Oxford is an enormous snowy deathtrap. I got three steps out of the house in wellingtons this morning, went back and changed into my hiking boots. At ten a.m., bizarrely, Oxford City Council had gritted ONE SIDE of the Cowley Road, but NOT Oxford High Street. It took me ten minutes to walk about a hundred yards. I was woken up by our Porter’s car spectacularly failing to start.
I & I suspect most of the British students my age have never seen snow like this in their own country. Everyone is racing about like tiny Victorian slum children taken to see the sea, while the Scandinavian, German & American students look on, bemused. They are quite used to what is, after all, less than a foot of snow, and don’t understand why we’re all so incredibly excited. Snowmen have been built in all three quads of my college (third quad has a snow-woman in a blue bikini!) and in front of the Rad Cam. Brasenose and Exeter are having an enormous snowball fight between Brasenose Lane and the Exeter Fellows’ Garden, and I can’t believe that sheet of pure white parchment kissing the ground of All Souls’ Quad is going to stay untouched by the end of the day. I, personally, am longing to risk rustication by dancing on it. Everybody, when they’re facing the huge swirling Gothicness of St Mary’s, the Meadows or the Botanical Gardens (the last has decided to bring out its heart-breaking beauty and turn into something from a Twelfth Night film set), feels happy. Oxford wears snow very well, and the city will only be this pretty again in Trinity, when the sky blazes and the stir-crazy feeling is even worse if you have to work (after all, snow has the downside of wet feet and raw hands; drowsing in a punt is one of the few human pleasures not to need a health warning). But then, you turn six inches away from the dreaming spires, look at the filthy black ooze pouring down the High Street, or see someone fall over, or fall over yourself, and you do – I’ll admit it – wonder exactly why we just can’t cope with snow.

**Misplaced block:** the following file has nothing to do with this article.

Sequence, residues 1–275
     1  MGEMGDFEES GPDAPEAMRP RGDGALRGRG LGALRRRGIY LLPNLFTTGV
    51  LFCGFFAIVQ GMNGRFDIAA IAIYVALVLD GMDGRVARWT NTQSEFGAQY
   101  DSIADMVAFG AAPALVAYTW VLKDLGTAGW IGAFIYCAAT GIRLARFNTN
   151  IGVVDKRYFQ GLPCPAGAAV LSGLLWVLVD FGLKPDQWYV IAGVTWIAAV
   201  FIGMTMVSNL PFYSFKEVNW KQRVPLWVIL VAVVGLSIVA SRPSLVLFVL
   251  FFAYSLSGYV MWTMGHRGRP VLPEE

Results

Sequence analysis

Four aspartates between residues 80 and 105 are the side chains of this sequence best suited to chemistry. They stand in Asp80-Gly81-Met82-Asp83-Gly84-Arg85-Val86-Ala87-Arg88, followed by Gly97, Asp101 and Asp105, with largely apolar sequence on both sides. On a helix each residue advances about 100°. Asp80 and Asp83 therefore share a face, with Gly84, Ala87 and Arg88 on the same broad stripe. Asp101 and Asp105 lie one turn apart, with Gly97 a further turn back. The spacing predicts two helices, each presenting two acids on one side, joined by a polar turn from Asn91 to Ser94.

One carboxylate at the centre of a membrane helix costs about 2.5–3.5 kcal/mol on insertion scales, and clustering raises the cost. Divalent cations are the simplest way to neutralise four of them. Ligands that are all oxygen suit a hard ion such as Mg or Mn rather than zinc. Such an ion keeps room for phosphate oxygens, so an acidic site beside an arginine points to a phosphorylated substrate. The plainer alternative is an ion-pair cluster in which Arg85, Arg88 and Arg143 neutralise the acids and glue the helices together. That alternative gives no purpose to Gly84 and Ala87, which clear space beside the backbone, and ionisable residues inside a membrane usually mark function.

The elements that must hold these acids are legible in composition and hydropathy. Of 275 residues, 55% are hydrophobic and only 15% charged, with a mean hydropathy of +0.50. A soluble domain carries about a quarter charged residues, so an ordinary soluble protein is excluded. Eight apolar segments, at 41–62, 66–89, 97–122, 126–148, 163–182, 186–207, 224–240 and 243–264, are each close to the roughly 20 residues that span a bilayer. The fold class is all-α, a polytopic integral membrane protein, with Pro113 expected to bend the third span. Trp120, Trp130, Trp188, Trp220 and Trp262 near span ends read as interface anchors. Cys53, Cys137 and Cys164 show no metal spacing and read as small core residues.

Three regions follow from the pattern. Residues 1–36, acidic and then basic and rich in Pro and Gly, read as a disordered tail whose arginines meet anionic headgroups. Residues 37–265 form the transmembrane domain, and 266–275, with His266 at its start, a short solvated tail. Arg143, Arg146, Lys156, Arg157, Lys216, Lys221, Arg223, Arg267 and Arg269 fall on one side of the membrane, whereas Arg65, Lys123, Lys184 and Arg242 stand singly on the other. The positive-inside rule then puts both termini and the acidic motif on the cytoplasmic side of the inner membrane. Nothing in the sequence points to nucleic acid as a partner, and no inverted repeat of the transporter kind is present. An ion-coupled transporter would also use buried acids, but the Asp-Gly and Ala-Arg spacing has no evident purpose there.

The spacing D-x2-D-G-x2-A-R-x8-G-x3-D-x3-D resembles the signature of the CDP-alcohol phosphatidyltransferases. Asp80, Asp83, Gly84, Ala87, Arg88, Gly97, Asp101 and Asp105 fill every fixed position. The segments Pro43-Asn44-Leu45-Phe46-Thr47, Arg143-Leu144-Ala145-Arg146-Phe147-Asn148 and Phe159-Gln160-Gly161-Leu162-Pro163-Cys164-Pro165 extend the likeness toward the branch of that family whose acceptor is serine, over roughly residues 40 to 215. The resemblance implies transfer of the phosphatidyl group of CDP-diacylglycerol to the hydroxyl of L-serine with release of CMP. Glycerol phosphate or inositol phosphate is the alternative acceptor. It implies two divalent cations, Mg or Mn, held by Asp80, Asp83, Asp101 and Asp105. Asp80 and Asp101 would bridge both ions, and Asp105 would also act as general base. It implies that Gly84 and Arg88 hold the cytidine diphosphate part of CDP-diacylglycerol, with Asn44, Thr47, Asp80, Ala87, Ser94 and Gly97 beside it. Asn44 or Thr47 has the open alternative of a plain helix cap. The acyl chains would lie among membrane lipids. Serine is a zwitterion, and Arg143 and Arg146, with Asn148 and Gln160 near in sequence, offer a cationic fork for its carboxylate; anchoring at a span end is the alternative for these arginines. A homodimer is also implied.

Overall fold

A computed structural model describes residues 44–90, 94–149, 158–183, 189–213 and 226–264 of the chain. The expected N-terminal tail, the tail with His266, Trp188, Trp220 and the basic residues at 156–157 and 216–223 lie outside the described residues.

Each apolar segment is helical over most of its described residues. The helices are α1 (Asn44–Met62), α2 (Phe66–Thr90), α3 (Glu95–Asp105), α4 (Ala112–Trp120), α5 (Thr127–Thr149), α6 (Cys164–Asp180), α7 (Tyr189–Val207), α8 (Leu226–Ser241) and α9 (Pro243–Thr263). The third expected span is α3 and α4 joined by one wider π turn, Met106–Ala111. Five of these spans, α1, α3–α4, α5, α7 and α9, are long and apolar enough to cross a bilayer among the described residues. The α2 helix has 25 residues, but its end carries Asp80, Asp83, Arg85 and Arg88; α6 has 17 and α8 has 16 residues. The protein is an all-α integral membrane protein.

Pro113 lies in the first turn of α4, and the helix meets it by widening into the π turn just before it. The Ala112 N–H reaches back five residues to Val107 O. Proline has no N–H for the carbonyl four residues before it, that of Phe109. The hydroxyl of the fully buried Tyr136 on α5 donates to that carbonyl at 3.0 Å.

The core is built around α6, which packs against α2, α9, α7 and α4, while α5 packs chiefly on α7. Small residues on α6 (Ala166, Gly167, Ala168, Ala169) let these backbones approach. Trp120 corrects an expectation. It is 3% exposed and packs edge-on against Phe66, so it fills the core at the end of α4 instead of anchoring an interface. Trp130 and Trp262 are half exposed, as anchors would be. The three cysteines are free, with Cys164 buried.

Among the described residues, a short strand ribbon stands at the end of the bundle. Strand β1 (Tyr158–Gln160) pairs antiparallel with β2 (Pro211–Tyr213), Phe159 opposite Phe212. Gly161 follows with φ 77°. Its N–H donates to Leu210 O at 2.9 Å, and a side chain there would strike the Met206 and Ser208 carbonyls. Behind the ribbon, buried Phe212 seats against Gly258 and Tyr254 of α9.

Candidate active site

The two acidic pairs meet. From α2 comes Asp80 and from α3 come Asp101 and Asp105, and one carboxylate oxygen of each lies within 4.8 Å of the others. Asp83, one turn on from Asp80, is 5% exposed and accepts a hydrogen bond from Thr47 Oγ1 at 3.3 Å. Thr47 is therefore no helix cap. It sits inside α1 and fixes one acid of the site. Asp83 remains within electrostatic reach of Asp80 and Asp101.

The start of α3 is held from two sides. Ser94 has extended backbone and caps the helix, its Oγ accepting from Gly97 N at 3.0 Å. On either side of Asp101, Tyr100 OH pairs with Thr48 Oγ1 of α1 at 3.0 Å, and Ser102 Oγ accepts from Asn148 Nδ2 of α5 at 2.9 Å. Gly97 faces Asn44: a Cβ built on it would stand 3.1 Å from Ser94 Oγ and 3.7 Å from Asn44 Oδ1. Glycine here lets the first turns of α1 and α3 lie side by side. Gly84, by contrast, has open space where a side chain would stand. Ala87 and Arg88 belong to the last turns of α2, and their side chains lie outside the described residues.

No snow day for me; I’m in the Upper Cam, its chilly beauty unchanged by a bit of extra whiteness at the windows. It is, of course, bloody freezing, but at least the lights aren’t out. I wish everyone at Oxford at least one day like this during their degree-time; in the town proper, it looks a bit like nuclear fallout painted in brown and blinding-white, but around the university buildings, it feels like a strange second Christmas, cold and new.
Why my college can’t go and invade those swine at Corpus is beyond me. It’s what we do! Isn’t there a jolly frosty man/woman for us to behead? Isn’t there ice to be shoved down a Corpusian neck? When did my college get mature? My second year JCR President ordered everyone into Oriel Square for a snowfight, once. Mutter mutter, grumble moan wheeze..
Dr Sophie Duncan is Fellow in English at Christ Church, University of Oxford. She works regularly as a historical advisor and as a dramaturg for theatre, TV, radio and film. She likes theatre, detective fiction and cocktails.